Research Assistant at University of Minnesota, Healthy Foods, Healthy Lives Institute
If you measure it, better understanding will come. At least that’s the approach Robin Schow, Research Assistant at the University of Minnesota’s Healthy Foods, Healthy Lives Institute (HFHL), is taking with HFHL’s two-year food skills assessment study.
Funded by a Cargill Foundation grant, the study seeks to establish a food skills baseline to help identify and measure food skills gaps in our local communities.
“Our end goal is to come away with a tool to assess food skills,” said Robin. “There’s a lot of programming out there that purport food skills lead to better health, but no one really knows how or where the change occurs. That’s why we need validated, survey tools to know if a program is effective.”
First step? Create a working group of food skills experts—academics, government officials, and community organizations—to develop a food skills measurement tool.
“Our working group is made up of 16 or so people outside of HFHL who are passionate about finding out how food skills actually impact health. Over the next year, we’re going to determine the skills that are important and figure out what to measure and how to measure them,” Robin explained.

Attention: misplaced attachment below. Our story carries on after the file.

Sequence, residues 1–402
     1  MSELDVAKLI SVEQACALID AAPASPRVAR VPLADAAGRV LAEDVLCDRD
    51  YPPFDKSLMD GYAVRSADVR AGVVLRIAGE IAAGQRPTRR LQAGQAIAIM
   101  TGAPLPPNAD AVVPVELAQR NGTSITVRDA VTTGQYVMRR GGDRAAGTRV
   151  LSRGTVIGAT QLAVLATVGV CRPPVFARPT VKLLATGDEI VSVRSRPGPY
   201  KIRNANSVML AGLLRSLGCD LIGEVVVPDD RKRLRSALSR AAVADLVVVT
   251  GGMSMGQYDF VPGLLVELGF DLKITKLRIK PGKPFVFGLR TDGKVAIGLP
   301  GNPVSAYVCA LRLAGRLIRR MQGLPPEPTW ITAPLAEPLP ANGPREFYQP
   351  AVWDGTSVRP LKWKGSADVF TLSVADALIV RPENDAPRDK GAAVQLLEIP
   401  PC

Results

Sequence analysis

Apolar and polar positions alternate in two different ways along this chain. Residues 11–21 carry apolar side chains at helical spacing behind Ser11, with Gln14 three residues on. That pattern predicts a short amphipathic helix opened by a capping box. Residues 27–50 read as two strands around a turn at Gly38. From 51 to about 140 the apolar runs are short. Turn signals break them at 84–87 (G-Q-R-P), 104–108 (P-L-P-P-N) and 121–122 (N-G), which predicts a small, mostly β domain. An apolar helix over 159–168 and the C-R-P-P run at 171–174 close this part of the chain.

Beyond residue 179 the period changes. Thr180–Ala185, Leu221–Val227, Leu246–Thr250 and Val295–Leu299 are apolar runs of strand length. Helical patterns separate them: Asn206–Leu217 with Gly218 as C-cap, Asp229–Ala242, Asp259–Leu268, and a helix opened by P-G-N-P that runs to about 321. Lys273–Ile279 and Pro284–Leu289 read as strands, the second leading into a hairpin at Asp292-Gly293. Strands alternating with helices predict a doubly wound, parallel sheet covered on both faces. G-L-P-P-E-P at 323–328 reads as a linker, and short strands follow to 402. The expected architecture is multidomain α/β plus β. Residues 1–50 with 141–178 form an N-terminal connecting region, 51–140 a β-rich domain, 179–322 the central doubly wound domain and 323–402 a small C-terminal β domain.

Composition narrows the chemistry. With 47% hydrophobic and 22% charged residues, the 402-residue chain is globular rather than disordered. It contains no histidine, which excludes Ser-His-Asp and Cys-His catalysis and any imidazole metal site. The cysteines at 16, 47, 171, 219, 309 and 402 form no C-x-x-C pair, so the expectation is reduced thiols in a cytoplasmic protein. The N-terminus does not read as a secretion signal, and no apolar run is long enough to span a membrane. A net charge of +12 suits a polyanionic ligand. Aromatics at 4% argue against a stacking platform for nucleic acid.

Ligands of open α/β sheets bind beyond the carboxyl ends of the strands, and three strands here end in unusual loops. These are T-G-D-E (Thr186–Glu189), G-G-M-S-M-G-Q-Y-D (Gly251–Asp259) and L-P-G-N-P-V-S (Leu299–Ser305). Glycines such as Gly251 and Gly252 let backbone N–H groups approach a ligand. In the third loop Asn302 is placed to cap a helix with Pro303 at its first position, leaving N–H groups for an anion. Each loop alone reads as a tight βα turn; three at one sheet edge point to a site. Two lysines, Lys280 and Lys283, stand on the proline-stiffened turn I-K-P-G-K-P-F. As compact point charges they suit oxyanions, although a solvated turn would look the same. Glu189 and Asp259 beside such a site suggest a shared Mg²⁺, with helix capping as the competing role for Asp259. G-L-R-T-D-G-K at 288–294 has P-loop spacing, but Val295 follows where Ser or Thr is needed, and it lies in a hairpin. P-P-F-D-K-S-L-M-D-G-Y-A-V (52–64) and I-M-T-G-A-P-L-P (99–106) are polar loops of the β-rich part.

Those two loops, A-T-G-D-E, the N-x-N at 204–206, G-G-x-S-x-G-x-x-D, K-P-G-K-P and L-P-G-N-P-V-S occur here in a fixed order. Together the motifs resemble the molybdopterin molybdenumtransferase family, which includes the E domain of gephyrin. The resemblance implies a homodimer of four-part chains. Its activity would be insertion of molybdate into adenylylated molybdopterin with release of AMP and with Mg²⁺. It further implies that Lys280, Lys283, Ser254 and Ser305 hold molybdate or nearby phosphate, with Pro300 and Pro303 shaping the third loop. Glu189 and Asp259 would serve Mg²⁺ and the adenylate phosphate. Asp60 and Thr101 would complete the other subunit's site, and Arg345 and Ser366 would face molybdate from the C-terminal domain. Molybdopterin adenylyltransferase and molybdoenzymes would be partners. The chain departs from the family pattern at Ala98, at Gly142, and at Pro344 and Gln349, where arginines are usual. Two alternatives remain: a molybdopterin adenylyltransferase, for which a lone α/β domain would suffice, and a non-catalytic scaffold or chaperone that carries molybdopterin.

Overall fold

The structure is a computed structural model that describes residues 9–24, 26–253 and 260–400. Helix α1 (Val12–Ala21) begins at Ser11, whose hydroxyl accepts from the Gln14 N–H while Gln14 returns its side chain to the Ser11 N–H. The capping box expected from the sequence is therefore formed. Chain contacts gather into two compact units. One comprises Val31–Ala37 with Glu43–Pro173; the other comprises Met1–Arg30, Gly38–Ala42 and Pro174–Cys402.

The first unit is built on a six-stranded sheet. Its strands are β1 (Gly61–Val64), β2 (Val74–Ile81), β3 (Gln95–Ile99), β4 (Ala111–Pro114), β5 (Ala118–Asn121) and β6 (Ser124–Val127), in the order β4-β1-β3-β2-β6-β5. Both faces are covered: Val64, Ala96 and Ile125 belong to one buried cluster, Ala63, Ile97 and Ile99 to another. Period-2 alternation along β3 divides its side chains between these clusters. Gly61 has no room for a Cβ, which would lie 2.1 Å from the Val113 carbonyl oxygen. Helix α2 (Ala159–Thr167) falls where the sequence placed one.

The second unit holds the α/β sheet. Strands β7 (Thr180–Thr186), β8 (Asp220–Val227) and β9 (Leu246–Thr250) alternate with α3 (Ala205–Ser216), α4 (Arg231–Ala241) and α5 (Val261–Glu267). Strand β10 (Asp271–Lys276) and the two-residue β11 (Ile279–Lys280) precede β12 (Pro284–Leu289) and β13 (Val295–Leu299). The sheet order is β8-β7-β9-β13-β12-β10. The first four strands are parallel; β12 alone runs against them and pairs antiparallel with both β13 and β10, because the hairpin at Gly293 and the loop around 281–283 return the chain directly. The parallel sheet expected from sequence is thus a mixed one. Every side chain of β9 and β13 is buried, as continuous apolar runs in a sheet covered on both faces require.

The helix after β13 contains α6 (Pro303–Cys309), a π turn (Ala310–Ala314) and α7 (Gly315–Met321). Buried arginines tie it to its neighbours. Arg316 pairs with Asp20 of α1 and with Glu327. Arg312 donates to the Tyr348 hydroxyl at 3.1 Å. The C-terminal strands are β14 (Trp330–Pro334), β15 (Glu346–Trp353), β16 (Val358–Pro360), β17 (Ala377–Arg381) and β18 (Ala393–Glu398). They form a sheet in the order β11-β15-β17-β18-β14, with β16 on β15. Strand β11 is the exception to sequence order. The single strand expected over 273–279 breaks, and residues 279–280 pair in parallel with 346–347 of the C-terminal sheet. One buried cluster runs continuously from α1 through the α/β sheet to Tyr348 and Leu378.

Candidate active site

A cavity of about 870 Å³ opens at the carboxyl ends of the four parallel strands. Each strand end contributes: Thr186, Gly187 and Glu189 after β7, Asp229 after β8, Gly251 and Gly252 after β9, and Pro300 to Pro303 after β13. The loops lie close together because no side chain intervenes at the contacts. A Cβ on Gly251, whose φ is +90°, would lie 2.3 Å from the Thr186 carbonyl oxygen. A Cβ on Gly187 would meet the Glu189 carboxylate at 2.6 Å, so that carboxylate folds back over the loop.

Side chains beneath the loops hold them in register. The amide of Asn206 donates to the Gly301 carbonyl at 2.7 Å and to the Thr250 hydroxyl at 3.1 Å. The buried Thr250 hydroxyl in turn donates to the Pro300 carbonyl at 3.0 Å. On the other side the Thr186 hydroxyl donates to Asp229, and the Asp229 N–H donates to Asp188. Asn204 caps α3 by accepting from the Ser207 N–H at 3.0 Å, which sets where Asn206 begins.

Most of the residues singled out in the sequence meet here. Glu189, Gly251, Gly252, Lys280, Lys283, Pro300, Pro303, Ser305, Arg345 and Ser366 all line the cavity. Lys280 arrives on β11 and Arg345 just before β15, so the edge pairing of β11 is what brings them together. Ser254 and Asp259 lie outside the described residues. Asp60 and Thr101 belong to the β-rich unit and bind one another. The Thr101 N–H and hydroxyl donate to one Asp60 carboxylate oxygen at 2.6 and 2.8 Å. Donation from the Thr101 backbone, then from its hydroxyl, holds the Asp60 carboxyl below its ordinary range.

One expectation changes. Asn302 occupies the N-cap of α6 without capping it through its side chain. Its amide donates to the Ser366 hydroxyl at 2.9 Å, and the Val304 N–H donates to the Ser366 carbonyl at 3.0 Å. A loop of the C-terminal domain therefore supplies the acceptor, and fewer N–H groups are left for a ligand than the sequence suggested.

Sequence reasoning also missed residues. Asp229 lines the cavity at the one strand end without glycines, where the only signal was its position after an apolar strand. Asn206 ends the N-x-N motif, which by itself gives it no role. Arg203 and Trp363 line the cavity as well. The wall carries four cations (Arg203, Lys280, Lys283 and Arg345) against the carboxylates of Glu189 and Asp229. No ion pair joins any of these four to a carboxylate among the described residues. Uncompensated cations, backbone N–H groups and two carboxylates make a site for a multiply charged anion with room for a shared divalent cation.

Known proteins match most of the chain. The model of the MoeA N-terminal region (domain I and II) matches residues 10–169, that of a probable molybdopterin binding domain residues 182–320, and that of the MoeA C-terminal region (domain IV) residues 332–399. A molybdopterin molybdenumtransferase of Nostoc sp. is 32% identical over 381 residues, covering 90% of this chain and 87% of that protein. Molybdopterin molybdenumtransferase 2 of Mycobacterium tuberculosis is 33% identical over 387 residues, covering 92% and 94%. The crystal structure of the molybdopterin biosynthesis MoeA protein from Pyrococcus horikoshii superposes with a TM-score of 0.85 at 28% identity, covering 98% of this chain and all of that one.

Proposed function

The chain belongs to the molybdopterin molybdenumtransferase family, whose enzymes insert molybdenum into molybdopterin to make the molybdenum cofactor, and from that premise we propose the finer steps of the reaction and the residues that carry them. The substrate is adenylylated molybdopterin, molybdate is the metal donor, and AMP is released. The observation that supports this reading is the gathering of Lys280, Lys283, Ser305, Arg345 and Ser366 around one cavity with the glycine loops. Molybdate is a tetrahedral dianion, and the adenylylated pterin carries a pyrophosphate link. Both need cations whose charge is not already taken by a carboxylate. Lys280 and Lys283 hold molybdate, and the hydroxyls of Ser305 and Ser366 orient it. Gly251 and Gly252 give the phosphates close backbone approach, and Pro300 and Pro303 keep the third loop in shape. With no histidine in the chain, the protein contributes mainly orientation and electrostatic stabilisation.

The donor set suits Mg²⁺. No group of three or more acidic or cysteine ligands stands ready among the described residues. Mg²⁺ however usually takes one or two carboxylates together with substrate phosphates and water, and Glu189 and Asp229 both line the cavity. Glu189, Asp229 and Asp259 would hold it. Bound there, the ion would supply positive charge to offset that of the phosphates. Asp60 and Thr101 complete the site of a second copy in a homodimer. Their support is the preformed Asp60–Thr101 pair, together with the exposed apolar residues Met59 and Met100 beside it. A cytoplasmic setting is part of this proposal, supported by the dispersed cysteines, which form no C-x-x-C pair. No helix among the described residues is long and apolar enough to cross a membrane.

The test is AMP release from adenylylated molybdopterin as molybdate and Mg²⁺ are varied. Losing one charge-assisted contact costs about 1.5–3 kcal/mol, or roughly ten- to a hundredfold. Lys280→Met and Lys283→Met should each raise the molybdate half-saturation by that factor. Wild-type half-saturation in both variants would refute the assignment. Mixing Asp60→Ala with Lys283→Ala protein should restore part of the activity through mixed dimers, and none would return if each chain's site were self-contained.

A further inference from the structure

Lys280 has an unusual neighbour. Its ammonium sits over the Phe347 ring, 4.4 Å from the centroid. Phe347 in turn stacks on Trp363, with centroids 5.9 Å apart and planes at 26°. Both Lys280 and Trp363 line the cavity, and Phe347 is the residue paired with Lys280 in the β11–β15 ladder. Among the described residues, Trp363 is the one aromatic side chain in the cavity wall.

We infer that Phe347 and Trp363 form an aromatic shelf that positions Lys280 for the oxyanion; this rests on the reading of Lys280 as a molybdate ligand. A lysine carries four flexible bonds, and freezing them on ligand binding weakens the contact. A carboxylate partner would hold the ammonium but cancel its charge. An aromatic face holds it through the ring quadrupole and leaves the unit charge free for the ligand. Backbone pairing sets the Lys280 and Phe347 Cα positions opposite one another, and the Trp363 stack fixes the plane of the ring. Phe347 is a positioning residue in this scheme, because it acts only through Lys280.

The second step will be to validate the survey tool in a pilot study to determine its dependability and need for further revisions. The group plans to publish pilot study findings with a goal to affect food skills programming, and ultimately—close the food skills gap.
Healthy food skills, healthy choices
This all matters because when people—especially children—are equipped with healthy food skills, they are more likely to make healthy food choices.
“This research is intended to help organizations with their food skills programming and to make a case for their programs, to contribute to the overall body of knowledge on food skills, and to help provide a foundation for stronger advocacy,” Robin said. “In the end, a better understanding of how various food skills programs impact children and youth can help organizations build evidence for their work and increase the significance and urgency of their programs.”